Kind seeks sixth term in Congress
In the past 10 years, Ron Kind has learned that a willingness to listen and the ability to identify shared interests, despite party affiliations, are among the skills that make a good congressman.
"Democracy is a lot of hard work. That's what I've learned," said Kind, 43, during an interview last week. "It requires a lot of listening."
Kind, a Democrat from La Crosse, has represented Wisconsin's Third District in the U.S. House of Representatives since he was first elected in 1996.
"I think we need much more listening in Washington across party lines," he said. He believes an emphasis on one-party control blocks progress.
That's why he has helped organize the Upper Mississippi River Congressional Caucus and is active in the Rural Health and the Congressional Sportsmen's caucuses.
Working with colleagues from both parties in these committees, away from the "super-charged atmosphere" of Washington politics, encourages cooperation, said Kind.
"You get to know your colleagues better that way."
War on terrorism
Kind suggests doubling the size of Special Forces to destroy Osama bin Laden and terrorist networks like al Qaeda.
He is and has been critical of President Bush's stay-the-course policy in Iraq.
The arguments for keeping troops in that country indefinitely are "falling more and more on deaf ears," said Kind. Even Republicans are standing up and questioning the advisability of maintaining troops in Iraq rather than requiring the Iraqis to take responsibility for their own country, he said.
The United States needs to hand over power more quickly, said Kind, who hopes the process will move ahead after the elections.
Kind first visited Iraq in the fall of 2003.
"I walked away with the conviction we had a very small window of opportunity," he said. He hasn't changed his mind.
This past Sept. 11 Kind lunched with troops who had recently returned from Iraq. One of them commented on the numbers of soldiers lost to death and injury while working to maintain supply lines to the forward troops.
"That doesn't make any sense," said Kind of losing soldiers who aren't in actual combat.
Many Iraqis are resisting occupation by foreign troops, but "They've got to figure out what kind of country they want to create," said Kind.
He suggested enlisting the League of Arab States to provide security and support as Iraq moves ahead. Other Arab countries have a huge interest in what happens to Iraq and are also concerned about the spread of Iran's influence, he said.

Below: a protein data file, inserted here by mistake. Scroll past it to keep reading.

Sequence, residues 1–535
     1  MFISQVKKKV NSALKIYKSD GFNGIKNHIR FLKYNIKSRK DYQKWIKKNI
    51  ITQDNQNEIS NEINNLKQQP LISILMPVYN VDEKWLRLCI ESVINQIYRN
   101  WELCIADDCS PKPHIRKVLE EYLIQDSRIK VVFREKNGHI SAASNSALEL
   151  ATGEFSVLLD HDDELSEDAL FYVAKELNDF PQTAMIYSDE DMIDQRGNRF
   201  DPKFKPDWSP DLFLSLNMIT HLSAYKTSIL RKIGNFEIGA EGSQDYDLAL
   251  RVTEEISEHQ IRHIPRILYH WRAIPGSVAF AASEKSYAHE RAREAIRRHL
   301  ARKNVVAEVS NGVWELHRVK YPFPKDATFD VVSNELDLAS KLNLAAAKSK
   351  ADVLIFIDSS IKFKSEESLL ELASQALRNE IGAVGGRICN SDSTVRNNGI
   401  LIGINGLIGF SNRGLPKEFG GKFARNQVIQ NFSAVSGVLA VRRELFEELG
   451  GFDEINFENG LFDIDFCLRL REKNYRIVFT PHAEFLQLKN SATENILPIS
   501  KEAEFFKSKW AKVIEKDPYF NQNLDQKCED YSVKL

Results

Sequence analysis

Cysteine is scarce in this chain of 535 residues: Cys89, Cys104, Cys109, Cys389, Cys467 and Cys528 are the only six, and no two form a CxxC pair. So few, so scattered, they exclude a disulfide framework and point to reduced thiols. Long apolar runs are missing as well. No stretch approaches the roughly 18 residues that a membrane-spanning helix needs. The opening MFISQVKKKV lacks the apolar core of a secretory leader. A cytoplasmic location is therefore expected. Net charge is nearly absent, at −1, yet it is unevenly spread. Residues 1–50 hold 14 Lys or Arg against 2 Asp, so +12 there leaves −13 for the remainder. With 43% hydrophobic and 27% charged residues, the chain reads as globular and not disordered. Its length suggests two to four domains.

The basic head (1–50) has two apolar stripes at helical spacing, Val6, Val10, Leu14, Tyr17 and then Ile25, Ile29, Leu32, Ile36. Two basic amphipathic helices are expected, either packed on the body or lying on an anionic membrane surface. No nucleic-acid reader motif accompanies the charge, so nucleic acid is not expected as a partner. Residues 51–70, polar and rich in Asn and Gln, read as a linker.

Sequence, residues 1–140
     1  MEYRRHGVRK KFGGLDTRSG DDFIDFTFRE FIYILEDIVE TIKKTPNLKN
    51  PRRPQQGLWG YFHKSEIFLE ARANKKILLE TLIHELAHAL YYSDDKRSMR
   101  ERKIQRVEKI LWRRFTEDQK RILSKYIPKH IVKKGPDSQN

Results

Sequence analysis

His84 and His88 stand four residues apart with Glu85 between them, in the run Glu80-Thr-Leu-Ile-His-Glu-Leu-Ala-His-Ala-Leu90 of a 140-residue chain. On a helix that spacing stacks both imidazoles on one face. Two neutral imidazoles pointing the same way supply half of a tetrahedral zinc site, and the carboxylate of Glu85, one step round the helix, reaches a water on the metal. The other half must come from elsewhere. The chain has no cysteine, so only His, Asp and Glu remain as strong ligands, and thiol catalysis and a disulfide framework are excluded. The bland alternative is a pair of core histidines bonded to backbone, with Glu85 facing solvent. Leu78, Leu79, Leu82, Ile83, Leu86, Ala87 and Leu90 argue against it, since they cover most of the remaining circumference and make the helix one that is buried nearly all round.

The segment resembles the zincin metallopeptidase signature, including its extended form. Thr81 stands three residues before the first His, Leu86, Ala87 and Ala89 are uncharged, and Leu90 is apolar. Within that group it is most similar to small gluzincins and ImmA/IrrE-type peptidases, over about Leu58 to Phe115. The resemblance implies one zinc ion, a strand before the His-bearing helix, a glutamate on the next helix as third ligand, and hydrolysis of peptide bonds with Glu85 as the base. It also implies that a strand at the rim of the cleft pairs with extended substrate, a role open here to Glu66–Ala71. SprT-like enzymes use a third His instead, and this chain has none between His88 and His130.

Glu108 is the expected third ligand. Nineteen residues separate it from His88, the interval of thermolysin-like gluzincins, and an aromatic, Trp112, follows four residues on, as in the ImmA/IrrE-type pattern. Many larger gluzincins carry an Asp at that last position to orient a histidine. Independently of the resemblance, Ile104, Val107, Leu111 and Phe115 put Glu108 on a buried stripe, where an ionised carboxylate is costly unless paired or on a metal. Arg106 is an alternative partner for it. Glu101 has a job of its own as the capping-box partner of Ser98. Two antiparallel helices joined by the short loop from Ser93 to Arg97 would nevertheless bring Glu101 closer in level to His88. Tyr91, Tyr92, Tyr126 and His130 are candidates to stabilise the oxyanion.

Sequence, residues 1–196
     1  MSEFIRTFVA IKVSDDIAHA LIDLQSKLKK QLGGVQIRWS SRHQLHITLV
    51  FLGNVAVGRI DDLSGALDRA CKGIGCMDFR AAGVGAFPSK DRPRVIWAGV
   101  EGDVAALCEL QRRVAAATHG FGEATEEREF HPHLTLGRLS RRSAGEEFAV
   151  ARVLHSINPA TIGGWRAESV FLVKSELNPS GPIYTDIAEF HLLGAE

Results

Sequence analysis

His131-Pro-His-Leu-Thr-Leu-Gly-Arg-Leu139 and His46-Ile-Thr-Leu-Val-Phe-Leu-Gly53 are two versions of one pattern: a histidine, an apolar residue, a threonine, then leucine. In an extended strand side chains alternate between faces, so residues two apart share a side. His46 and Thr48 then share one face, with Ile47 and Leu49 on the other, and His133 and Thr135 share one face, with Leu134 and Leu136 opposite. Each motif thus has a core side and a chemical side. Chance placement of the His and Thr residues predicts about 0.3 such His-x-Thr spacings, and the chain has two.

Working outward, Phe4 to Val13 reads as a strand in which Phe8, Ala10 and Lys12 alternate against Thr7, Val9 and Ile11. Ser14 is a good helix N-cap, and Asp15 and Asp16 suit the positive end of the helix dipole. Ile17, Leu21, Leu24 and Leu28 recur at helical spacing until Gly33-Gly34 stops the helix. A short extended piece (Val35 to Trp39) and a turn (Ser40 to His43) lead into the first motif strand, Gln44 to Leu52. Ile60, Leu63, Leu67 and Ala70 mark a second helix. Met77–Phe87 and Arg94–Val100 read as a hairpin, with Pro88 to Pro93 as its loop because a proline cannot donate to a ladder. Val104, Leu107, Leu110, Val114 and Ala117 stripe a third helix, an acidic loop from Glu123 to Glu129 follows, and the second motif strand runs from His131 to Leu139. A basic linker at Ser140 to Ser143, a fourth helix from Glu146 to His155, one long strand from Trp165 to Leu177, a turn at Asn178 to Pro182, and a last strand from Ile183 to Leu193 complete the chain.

Kind referred to an argument by New York Times columnist Thomas Friedman that the U.S. can promote reform in the Middle East by reducing the demand for foreign oil.
Friedman says when oil prices drop, movements toward reform advance.
When they're raking in high oil profits, "the (Middle East) regimes just consolidate their power, and no reform takes place," said Kind.
Muslim countries have the world's youngest populations. In Iraq, said Kind, the average age is 18 and in Iran it's 17.8.
Without economic reform, young people living in squalid conditions have no hope or opportunity to be successful either through education or employment, he said.
"It's no wonder they're being radicalized and used against us," said Kind.
"What's happening in the region now can't be solved by our military," he said, urging a different kind of assistance.
While pulling out American resources might be unwise, it does matter "what type of money, where it goes and who controls it," said Kind.
Because the money the U.S. spends on foreign oil is often used against us, it would be wise to break our addiction to those fuels and begin investing in people, said Kind.
He suggested partnering with the European Union to promote educational reform in Middle Eastern countries.
As an example of how that can work, he cited a program in Mozambique where a $5 school entry fee was dropped and 500,000 new students enrolled.
The problem of illegal immigrants is more complicated than it might sound, said Kind. "It's not as simple as securing our borders -- which we have to do."
He said it's not as easy as directing local law enforcement to identify illegal immigrants, round them up and ship them out.
First, local agencies don't have the resources to do that and secondly, "Forty per cent of undocumented workers (originally) came into this country legally," said Kind.
"I don't care how high you want to make the fences or walls, we're going to have immigrants."
Reducing the country's dependence on foreign fuels is crucial for national security, the economy and the environment, says Kind.
Last week he met with students on the UW-River Falls campus to discuss his "Greenest Generation Challenge."
Kind is encouraging students on Third District college campuses to compete against one another to "be more creative in (your) thinking when it comes to energy issues."
While he challenges students to come up with their own plans for conserving fuel, Kind asks them to embrace such basic habits as turning off lights when they're not needed.
He said it is incumbent upon the United States to lead the way in conserving energy and fighting pollution. He suggests increasing mandates for using bio-fuels and a renewed commitment to research and development of clean energy sources.
For more information about Kind's campaign, go to www.kindforcongress.org.
Democrat Congressman, 3rd Congressional District